Northern lights, reindeer. (Photo Credit: Antti Pietikäinen and Visit Finland).

On our first morning, toastily outfitted in winter driving gear, we were given a quick lesson in snowmobiling before revving our engines to about 40 kilometers an hour. Our cheeks tingled and eyes teared as we followed our guide across snowy fields and frozen lakes, passing cross-country skiers and horse trainers in graceful horse-drawn carriages.

Oh, what fun it was revving our engines to 40 kilometers an hour, even as our cheeks tingled and eyes teared.

Nicole slept through most of the journey, cozily wrapped in reindeer fur. She awoke to a sleigh ride at a reindeer farm, delighting in being pulled by this same animal that carries Santa’s sleigh to rooftops worldwide.

Inside a rustic cabin, a blazing fire and warm reindeer milk heated us while a Sámi ceremony inducted us into secrets of this ancient culture based on the herding of the wild reindeer. A lunch of reindeer stew with wild lingonberries and homemade beer and bread followed the presentation of our reindeer driving license and Arctic Circle crossing certificate.

The following day we traveled an hour to Santa’s Wildlife Park at Ranua. The world’s northernmost zoo was silent and majestic through dancing snowflakes and snowy pathways. We visited a polar bear, wolves, red foxes, owls, and other animals from the arctic wilds. Nicole sledded through the entire zoo, speeding down long hills, then letting us pull her uphill and along flat stretches.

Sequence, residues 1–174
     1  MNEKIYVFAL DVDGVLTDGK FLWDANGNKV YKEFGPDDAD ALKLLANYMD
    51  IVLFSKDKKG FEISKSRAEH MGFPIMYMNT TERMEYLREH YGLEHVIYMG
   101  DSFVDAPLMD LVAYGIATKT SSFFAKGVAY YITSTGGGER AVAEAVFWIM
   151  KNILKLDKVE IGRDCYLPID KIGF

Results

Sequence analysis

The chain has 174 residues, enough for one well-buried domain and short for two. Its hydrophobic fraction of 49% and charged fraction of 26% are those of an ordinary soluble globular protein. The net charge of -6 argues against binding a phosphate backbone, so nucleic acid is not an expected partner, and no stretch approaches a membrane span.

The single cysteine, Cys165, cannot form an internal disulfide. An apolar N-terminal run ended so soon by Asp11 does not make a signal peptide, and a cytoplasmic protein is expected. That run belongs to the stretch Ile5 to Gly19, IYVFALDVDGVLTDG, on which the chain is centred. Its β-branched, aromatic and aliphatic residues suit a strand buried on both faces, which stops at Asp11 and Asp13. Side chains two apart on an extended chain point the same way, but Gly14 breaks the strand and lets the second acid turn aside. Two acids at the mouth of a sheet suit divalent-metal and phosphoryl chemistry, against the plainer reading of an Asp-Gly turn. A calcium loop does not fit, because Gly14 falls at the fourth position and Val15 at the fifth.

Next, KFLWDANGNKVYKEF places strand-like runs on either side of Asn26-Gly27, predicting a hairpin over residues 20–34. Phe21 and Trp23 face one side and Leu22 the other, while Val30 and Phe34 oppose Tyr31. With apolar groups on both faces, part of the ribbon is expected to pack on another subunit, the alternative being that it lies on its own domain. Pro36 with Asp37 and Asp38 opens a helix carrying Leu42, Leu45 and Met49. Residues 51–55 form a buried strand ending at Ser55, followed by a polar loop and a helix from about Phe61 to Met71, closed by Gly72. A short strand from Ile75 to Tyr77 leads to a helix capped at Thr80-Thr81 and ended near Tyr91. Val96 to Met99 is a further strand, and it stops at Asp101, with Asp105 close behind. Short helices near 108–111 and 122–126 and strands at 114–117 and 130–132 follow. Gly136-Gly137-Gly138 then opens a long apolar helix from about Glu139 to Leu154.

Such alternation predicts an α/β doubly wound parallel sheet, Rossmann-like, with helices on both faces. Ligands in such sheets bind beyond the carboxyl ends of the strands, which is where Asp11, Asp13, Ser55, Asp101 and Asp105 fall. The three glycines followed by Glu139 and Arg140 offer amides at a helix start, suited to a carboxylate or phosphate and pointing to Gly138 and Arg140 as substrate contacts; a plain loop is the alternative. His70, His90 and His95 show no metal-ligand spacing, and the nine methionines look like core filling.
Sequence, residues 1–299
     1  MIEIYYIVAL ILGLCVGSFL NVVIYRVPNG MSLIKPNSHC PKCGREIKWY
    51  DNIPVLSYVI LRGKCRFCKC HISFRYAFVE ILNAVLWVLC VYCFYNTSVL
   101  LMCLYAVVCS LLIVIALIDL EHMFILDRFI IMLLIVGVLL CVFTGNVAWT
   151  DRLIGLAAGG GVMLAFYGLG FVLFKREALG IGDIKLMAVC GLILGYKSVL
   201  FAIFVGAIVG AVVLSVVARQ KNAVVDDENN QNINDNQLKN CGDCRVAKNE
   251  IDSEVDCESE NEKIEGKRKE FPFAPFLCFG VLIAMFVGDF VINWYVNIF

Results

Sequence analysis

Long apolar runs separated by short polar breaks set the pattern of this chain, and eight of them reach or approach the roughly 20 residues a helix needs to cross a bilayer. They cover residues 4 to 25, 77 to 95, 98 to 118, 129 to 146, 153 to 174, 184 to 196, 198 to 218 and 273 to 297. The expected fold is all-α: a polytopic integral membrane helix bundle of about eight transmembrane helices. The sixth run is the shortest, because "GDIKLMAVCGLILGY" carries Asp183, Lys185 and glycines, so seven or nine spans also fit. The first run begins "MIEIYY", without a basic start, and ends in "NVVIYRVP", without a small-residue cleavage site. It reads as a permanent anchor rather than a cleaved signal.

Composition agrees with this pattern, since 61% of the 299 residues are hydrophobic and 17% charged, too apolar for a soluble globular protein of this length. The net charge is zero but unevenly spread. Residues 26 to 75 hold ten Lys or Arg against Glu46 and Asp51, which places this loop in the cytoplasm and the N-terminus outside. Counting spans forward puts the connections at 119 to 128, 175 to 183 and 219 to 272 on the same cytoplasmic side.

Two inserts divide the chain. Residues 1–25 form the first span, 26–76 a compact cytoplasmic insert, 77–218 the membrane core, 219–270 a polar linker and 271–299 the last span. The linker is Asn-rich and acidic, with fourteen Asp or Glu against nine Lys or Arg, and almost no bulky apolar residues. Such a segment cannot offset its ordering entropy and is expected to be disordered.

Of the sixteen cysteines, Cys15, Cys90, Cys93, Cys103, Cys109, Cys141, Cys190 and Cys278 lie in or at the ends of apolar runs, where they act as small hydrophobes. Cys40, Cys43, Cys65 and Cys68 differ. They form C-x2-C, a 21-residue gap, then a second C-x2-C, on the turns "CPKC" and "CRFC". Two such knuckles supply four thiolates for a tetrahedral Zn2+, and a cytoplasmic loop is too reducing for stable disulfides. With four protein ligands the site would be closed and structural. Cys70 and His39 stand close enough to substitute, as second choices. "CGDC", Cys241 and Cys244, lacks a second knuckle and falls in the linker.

Lunch was a steaming bowl of hearty salmon and potato soup, homemade bread, and ice cream topped with delicate orange cloudberries. At the neighboring Murr Murr Castle, she was costumed as an elf to visit displays showing each of Santa’s helpers at work: blowing glass, sorting his mail, and more.

Time didn’t allow us to go downhill or cross-country skiing, ice fishing, or on a rainbow safari — other popular winter activities available to visitors. But we did begin each day’s adventure with an early morning sauna and swam in the beautiful but cold swimming pool at our hotel, the Rantasipi Pohanjovi. After a sauna, entering the pool was more effortless than a roll in the snow that the Finns swear by, but not much. Invigorated, we then shamelessly indulged in the hotel’s splendid breakfast buffet.

While Christmas is the most exciting time to experience Lapland, late winter and early spring offer the best skiing when the sun shines on thick crusty snow, and the International Ice and Snow Sculpture Competitions are held. Summer, the season of the Midnight Sun, means long hiking trips with wildflowers carpeting rugged fells and swimming, canoeing, or fishing Lapland’s unpolluted lakes, rivers, and streams. Events range from the world’s most demanding Arctic canoe race to a golden trout fishing competition, gold panning championships, and wood sculpture competition. During one week in summer, works of art are sculpted from 200-year-old Finnish pines. Autumn paints Lapland with a brilliant, startling palette of reds and golds, and by season’s end, the bright yellow cloudberry and rich red cranberry ripen to their peak.  FOR MORE INFORMATION:



4 thoughts on “Santa-bound for a holiday visit to Finnish Lapland

  1. Nature’s crystalline beauty and the magic of the Northern Lights. What more can you ask for?